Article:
Tillen would remain a regular at Fram in the next four seasons, eventually captaining the side. His brother Joe, also a former Chelsea youth player, played alongside him for the first four seasons.
After five seasons with Fram, the left-back had become a club legend, making 170 appearances and scoring 19 goals. However, during his spell he had been unable to lay his hands on any silverware, with the closest he had come being losing the Icelandic Cup final in 2009.
That would soon change though as he joined fellow top flight side FH at the start of the 2013 season and won the Icelandic Super Cup in his first match. That set the tone for the Englishman to have more success at the club although his game time would become limited with him missing nearly all of the 2014 season through injury, however he did recover to made eight league appearances the following campaign alongside Sam Hewson as FH lifted the title for the first time in three years.
Their regular success also meant regular opportunities in Europe and his first crack at the Champions League. That came in the summer of 2013 as he played the entirety of FH’s four matches in the qualifying stages, as they overcame Lithuanian side Ekranas before narrowly losing to Austria Wien. His time in Europe is remembered fondly.
“It was great playing in the European competitions, it gave me the opportunity to travel and compete in places like Azerbaijan and Lithuania that I would not necessarily think of visiting of my own accord.”
After three seasons at FH, he spent his final season as a player back on loan at his original club Fram, who by 2016, were now in the second-tier. He played 16 times back at his former club as he finished his playing career in Iceland after 250 appearances. However, at the time of his retirement he was still only 31 but he does not regret hanging up the playing boots early on as he has found himself still involved in the game.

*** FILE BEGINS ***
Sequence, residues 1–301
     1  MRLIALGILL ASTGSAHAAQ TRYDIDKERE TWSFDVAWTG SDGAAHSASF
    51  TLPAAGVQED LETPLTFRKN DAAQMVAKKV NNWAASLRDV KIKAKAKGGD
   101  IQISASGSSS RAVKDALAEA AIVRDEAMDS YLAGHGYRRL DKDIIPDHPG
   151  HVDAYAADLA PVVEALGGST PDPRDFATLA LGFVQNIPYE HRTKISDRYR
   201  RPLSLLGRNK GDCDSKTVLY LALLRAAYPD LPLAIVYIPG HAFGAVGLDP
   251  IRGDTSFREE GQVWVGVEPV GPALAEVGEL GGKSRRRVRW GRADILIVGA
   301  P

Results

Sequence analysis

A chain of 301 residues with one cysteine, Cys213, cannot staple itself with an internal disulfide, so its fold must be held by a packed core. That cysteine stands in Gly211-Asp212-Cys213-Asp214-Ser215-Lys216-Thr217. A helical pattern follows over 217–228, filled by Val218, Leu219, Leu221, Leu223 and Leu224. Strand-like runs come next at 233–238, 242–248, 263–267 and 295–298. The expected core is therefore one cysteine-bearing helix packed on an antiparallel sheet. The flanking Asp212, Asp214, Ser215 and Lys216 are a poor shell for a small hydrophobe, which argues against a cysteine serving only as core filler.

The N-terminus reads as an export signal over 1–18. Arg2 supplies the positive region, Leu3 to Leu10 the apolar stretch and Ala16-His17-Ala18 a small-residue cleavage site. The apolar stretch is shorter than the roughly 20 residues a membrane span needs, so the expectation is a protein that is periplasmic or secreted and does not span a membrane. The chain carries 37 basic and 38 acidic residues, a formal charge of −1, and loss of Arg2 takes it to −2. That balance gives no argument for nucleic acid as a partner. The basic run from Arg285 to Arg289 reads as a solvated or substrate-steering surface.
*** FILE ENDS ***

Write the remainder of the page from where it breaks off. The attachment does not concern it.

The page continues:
“I broke my leg badly in 2014 and the club invited me to coach the under-12s as I recovered. From there I began to coach alongside playing but it took eleven months to play again after the leg break, then I tore my calf and broke my cheekbone and eye socket on my return, so I decided enough was enough.
“I was offered a full time position to coach in the youth age groups at FH and I haven’t looked back. It has been thoroughly enjoyable and rewarding.”
He now continues to coach the youth sides at FH with his wife and three children also keeping him busy. He is still relatively young for a coach but would he like to progress in the industry?
“I am gaining valuable experience now and I finished my A licence in May. I am still only 33 so I have plenty of time to make that step. If it is an opportunity I am excited by then I will certainly consider it but as of now, I am happy and enjoying what I am doing.”
Throughout his time in Iceland, he said he never considered heading back to the UK to play and with a career and a family for him now in the country, listening to a former teammate’s advice and taking the gamble to play abroad may have been the smartest move he ever made.